Vic-Fezensac: a village of 3600 inhabitants in southwest France. We are in the year 2015 but we may as well be in the year 1015.
35,000 partiers and bullfighting aficionados have swarmed in for the annual holiday of Pentecost. The place reeks of piss, shit, alcohol, vomit and blood. There is garbage everywhere. People I know are still crying. What a dump. To the bullfight fans, it was a fun-filled traditional festival—part of the local culture, but for the 160 animal protection advocates who traveled there to protest, it was a scene of unforgettable violence.
I know it’s far away but southern France is ground zero for the animal protection movement because bullfighting is the only form of animal cruelty that occurs just for entertainment. There is no excuse like food, medicine, and all the other lame, heartless excuses for deliberate cruelty to animals, no. They stab bulls to death for FUN in France.
This crappy, ugly, little village, Vic, at the foot of the Pyrenees mountains, is far from the chic cafés and museums of Paris and unfamiliar to American tourists. Vic is built around a massive bullfighting arena that seats 7000. Throughout the three-day festival, it’s non-stop bullfights and the festivities spill out of the arena into the village, crowded with live bands, mobile food carts and venders selling cheap bullfight- themed trinkets. The Féria, as the festival is known, turns the otherwise unremarkable village into a scene that resembles a Game of Thrones episode—hordes of rowdy, crude, “feasters” carousing in streets flowing with alcohol, vomit, urine and the blood of bulls.
In past years, the annual Féria had become so unruly that Vic’s residents won a narrow referendum to suspend the festival for two years (2012 and 2013). With a new mayor and 6 million Euros in profits to be made, those who benefit from the Féria won this year and now the hordes are back.
Bullfighting is a brutal blood sport where bulls are tortured for several days in preparation for the ring and then stabbed to death in front of a jeering crowd. Technically, the blood sport is illegal in France, punishable for up to two years in prison but bullfighting has been granted a special judicial status— a cultural exemption in southern regions with a tradition of bullfighting. In those specified exempted areas, the torture and killing of bulls and calves for entertainment is legal. Bullfighting is illegal in 90% of French territory.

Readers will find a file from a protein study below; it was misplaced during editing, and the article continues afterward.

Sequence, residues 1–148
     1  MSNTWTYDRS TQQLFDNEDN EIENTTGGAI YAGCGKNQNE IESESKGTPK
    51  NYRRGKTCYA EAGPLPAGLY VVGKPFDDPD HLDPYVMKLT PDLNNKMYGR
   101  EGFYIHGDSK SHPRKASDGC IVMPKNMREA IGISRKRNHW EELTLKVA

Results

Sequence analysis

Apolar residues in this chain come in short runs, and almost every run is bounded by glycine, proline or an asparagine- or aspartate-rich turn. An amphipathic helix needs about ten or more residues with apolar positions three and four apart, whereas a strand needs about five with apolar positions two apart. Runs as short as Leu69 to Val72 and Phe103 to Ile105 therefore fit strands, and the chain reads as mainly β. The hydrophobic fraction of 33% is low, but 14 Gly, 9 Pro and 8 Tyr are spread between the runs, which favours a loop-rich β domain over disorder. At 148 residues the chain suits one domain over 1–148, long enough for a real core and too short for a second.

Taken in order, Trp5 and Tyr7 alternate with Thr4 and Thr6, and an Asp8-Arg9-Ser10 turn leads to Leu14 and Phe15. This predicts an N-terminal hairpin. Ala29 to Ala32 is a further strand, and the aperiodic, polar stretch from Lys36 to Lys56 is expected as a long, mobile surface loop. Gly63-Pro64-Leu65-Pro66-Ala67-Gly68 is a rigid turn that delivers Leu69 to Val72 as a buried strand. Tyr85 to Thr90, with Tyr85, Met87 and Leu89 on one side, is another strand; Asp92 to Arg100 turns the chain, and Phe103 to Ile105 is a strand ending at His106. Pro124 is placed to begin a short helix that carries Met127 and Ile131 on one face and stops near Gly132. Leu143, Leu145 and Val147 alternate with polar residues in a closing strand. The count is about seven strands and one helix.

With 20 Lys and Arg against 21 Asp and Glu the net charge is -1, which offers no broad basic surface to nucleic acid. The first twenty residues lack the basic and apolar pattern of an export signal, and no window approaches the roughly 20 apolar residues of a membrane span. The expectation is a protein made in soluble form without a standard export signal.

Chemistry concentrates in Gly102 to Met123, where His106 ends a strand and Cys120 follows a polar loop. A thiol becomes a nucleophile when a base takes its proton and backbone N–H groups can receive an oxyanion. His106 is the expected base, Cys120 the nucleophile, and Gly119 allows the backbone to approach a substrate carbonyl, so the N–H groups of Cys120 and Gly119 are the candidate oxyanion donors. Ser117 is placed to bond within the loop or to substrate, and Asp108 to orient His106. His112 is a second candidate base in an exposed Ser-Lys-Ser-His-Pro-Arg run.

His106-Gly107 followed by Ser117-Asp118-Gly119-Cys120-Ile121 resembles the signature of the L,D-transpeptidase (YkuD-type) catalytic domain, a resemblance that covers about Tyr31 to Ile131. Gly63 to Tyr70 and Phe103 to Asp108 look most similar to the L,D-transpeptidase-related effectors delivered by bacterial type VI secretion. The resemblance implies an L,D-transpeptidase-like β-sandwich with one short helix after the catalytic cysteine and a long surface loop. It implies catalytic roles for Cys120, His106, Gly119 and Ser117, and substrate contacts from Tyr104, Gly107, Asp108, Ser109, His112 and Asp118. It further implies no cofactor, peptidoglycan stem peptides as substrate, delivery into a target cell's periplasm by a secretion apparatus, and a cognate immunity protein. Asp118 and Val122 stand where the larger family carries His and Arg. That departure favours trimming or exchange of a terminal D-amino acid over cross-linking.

A recent poll taken by a local paper showed that only 24% of nearby residents were in favor of bullfighting and 74% were opposed.
The protest, organized by CRAC Europe, the leading anti-bullfighting organization in France, was the first ever in Vic—it was considered far too dangerous. In the days leading up to the scheduled protest, local authorities and bullfight promoters had attempted, using legal tactics, to annul the protest or at least dictate where the protest could take place. Afraid that protesters might jump into the ring and attempt to halt the massacre (as they have done at other protests), the bullfight organizers didn’t want the protesters anywhere near the arena. CRAC’s attorneys outmaneuvered them and were able to overrule an unconstitutional injunction, including obtaining the right to use amplified sound. The protest was legally declared and authorized.
When the protesters arrived in Vic, they were surrounded by over 100 military police dressed in riot gear who were not aware of the latest legal wrangling that CRAC had won. Amid smoke bombs and deafening sirens, tense negotiations between CRAC leader Jean-Pierre Garrigues and the gendarmes took place. Scores of aficionados standing comfortably behind the police line taunted the protesters.